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Like septic tanks, pools require maintenance to operate at maximum efficiency. Their seemingly complicated natures lead many homeowners to ask the same question; can you put in a pool with a septic tank? With some research, it’s easy to manage both at the same property. Whether you’re looking to buy a home on septic or you’re thinking of adding a pool to your home, knowing how to keep both safe saves you time and money over time. Septic tanks and pools commonly coexist, however, there are some do’s and don’ts to keep in mind when you have both.
A home septic inspection should be the first step when adding a pool to your property. From both a safety and feasibility standpoint, it’s important to know the status of your septic system and how a pool factors into your yard. This is especially crucial for identifying where you’re unable to place the pool or backwash pipes, which risk saturation or erosion when placed near a drain field or leach field.
This inspection identifies vital components including the distribution box, the pump housing, lift stations, and any septic feature that a pool would interfere with. Not only does an inspection protect your septic system underground, but it also helps with proper planning for necessary pool components.
If you’re in the process of adding a pool to your yard, it’s dangerous to begin building without knowing where your system is located. Building a deck or the pool itself above the septic tank or septic cover creates issues when septic service providers need access to pump your tank. Your pool should be far enough away that it doesn’t interfere with septic cover access or block the truck from reaching your cover. In-ground pools can’t be built over the pipes leading to your septic tank, which makes this process crucial for avoiding disasters.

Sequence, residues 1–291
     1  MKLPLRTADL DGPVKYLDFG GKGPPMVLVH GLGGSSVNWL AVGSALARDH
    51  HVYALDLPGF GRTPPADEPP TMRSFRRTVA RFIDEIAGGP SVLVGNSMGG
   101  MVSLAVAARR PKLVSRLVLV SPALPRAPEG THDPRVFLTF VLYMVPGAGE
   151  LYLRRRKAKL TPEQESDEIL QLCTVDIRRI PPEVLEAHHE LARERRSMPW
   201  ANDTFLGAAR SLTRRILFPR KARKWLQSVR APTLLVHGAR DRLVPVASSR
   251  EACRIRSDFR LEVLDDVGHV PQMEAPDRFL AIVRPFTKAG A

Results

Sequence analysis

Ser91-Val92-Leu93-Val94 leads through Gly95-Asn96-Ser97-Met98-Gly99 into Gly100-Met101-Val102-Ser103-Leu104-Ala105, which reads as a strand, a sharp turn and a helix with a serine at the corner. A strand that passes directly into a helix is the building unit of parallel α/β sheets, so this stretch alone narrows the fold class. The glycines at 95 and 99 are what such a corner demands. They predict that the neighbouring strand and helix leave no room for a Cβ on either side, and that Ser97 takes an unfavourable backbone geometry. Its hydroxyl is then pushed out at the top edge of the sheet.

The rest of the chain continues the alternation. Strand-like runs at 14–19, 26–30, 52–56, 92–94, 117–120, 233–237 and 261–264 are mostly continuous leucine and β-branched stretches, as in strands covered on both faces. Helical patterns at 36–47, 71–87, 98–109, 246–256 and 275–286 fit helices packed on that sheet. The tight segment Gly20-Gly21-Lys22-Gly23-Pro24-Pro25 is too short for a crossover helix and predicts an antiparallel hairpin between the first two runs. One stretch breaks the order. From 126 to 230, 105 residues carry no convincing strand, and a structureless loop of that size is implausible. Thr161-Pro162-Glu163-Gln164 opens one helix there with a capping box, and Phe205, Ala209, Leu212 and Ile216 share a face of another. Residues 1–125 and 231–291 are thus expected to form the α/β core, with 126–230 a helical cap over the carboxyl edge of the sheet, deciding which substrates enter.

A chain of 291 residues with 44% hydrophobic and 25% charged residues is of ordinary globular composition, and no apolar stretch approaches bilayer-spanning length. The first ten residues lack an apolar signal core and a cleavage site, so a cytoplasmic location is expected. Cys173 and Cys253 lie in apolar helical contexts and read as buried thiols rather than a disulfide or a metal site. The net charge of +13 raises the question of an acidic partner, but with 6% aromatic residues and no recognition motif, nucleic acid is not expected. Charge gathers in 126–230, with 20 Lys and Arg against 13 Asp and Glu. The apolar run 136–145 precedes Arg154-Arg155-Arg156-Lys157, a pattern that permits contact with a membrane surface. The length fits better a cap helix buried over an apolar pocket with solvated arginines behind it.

In addition to avoiding blocking or covering vital parts of your septic system, check your local regulations regarding pools and septic systems. Some towns or cities require pools—both above and in-ground—to be set a certain number of feet away from your leach field. If you can’t find your local regulations, your local septic service provider is knowledgeable on these requirements.
Similar to how your pool needs chemicals to operate at full efficiency, your septic tank needs the same attention. The bacteria that break down solids occasionally need to be replenished when soaps, disinfectants, and detergents make their way into the septic tank. Septic system additives are a simple way to ensure everything is running smoothly. Just ask your local septic service provider about them during your next pumping.
Chlorine is crucial for eliminating bacteria in your swimming pool, but its anti-bacterial properties are harmful to your septic system. Draining your pool too closely to the tank risks killing some of the helpful bacteria that break down solids and helps the system run smoothly. Using these septic system additives helps counter the potential negative impact of chlorine accidentally getting into your system.
Both above and in-ground pools require some research before installing, especially when working around a septic system. Luckily, you aren’t on your own when making these decisions. Wind River Environmental serves over 16 states on the east coast, with knowledgeable and helpful technicians to guide you through the process. If you have a septic tank and are looking to install a pool for next summer, call us at 1-800-499-1682. If you have any questions about keeping your seasonal property’s septic system healthy, don’t hesitate to contact us today!